Earlier generations assumed that typhoid fever was the cause of Schubert's death. Recent scholars have diagnosed syphilis; moreover, they have associated the composer with a secret (outlaw) milieu of homosexuals—which among other things would help make sense of some very puzzling songs to texts by literati of his acquaintance. In "Im Freien" ("Outdoors"), for instance, such a subtext can bring into focus the hazy intimations of passionate friendships under the starry sky. It may also hold the key to the obscure allegory "Uraniens Flucht" ("Urania's Escape"). Zeus, outraged by humanity's treatment of the poor goddess Urania, wants to smite the feckless planet, but at the sight of a pair of lovers he stays his hand. Are the lovers two men? The (homosexual) poet's circumspect wording seems calculated to leave open that possibility. His friends would have known what he meant. Love like ours is the thing itself, he could be saying; it redeems the world.
Whatever further revelations the biographers may have in store, the sources of Schubert's art, like Shakespeare's, lie deeper than did ever plummet sound. His output was prodigious: nine symphonies, culminating in the revelation of the "Great" C Major; more than a dozen piano sonatas and a host of sublime shorter piano pieces; fifteen string quartets, a string quintet, and two piano trios, all glories of the chamber-music literature; a host of operas, ten or so completed, though none ever established itself on the stage; dozens of masses and dances; and, of course, the songs.
Fischer-Dieskau's three volumes comprise roughly two thirds of the songs. The British pianist Graham Johnson, Moore's successor and to my mind his better, has reached the halfway mark in a superb thematic, nonchronological survey of them all (on the Hyperion label). The project will amount to some three dozen well-filled compact discs and involve as many vocalists. Still, the volume and the arrangement of Fischer-Dieskau's material are sufficiently imposing to suggest a reference work, and inevitably the set (in the old phrase dear to professors) "smells of the lamp."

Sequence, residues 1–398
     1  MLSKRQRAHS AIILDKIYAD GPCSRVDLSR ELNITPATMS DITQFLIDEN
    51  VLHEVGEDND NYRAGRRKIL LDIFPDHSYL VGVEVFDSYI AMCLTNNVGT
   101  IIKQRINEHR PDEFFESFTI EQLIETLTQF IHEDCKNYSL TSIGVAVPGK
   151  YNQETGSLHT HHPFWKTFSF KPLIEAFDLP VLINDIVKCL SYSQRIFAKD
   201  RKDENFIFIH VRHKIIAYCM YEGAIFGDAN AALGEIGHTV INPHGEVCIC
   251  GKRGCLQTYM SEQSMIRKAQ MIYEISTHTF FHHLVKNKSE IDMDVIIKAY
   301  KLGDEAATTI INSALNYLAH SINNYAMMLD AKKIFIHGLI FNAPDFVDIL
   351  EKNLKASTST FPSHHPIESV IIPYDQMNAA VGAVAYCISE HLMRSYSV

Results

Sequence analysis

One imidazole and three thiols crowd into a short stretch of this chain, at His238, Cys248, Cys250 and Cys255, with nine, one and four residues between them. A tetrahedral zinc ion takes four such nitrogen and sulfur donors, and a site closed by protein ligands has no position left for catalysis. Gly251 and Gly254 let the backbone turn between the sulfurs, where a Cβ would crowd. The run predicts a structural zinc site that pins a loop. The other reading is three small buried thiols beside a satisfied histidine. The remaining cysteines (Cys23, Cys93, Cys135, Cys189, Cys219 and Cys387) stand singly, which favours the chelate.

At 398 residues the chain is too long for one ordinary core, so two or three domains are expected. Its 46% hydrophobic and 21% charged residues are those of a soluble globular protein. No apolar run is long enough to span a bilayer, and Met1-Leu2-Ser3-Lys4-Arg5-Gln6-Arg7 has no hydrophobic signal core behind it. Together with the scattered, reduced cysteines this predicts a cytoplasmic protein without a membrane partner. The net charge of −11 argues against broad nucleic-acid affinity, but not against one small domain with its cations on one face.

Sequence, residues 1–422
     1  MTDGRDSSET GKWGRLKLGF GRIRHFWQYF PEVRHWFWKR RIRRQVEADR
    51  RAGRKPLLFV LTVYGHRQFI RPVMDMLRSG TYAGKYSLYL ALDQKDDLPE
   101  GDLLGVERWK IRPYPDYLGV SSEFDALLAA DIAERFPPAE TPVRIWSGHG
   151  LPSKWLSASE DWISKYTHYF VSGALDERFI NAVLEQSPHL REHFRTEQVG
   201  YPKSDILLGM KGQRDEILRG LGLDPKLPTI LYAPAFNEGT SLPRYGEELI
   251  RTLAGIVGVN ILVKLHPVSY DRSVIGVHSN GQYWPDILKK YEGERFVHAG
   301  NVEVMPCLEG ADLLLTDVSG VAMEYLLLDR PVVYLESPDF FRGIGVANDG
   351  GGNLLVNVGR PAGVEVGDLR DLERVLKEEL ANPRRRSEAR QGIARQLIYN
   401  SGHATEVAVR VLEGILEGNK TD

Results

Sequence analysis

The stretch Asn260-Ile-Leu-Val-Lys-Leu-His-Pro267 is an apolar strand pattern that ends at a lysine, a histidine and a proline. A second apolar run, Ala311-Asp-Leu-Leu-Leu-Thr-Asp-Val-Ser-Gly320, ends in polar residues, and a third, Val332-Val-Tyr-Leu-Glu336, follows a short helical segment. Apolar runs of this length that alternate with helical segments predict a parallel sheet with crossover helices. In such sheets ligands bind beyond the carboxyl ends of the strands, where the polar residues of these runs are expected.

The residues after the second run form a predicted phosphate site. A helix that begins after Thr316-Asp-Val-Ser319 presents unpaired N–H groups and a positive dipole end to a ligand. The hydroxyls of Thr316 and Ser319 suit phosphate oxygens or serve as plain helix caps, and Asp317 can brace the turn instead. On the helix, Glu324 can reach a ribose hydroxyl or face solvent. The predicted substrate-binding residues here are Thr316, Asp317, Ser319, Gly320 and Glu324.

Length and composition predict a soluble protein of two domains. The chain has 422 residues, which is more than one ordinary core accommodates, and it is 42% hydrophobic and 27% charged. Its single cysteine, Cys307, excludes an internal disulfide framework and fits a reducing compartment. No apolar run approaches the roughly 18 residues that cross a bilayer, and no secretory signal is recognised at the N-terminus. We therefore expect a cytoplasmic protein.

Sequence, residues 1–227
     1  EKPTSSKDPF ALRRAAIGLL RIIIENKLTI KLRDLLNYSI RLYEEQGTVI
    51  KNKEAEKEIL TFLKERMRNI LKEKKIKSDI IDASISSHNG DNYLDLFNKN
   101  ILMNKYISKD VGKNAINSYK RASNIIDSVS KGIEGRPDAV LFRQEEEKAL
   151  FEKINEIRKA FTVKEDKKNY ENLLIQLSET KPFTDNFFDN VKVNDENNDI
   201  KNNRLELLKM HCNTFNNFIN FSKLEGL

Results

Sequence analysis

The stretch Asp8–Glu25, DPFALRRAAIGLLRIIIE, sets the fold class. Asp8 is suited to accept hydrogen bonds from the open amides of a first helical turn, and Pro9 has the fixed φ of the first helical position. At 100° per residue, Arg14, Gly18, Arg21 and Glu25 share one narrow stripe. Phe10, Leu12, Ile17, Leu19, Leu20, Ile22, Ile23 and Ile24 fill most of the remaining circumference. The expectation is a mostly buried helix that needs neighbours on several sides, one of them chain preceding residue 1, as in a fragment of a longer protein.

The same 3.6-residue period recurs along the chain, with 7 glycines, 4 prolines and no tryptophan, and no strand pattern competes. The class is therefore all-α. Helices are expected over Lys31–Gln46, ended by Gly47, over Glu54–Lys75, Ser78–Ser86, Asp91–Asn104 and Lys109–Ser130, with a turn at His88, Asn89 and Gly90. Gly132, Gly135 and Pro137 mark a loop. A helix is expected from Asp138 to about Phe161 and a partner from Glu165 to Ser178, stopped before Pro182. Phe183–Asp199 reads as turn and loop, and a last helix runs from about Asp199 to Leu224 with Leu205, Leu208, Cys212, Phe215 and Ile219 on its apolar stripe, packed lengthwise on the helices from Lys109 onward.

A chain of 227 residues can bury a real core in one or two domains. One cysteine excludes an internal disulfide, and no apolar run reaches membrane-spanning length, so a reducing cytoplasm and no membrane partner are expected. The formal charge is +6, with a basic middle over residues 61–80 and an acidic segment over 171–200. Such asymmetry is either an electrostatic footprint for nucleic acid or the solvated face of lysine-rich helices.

Until you start to listen, that is. Whether you start at the beginning and soldier all the way through or jump straight to a particular song, you will find not one reading that is dutiful or perfunctory. And the range is simply incalculable: here a lyric of graceful simplicity which has been taken up as a folk song, there a dramatic ballad calling upon the artillery of the star orator; here a florid aria in search of an opera, there tracts of gloomy philosophy; here moving pictures of the ocean, there of the stars. No composer conveys a more exact impression of the natural world in its infinite variety; none looks with greater compassion and understanding into the depths of the mind and heart.
Often the ladder to Schubert's world of wonders is a golden lyric; equally often it is verse that on the page looks trite and conventional. But just as true poets can transcend their ideas, so blessed composers can transcend their texts, not leaving the words behind exactly but discovering in them dimensions of unsuspected richness. In Fischer-Dieskau's performances, with Moore's able assistance, these truths are told.
And yet, if sheer vocal splendor is the criterion, Fischer-Dieskau seldom earns a perfect grade. In passages that are soft or of medium volume, he has at his disposal shades as delicate, blooming, bitter, harsh, or wan as his imagination could wish. Not only his temper and character but even his age can seem to change within a phrase, within a note. But especially at the not uncommon moments combining high intensity with high volume and high pitch, a basic dryness in his tone tugs song toward the sound of talk. A singer is never wrong to keep a listener's mind on the words, of course, but that is a different matter. When Fischer-Dieskau falters, the problem is not that verbal meanings suddenly overwhelm musical ones. It is that for an instant we hear his voice rather than his song.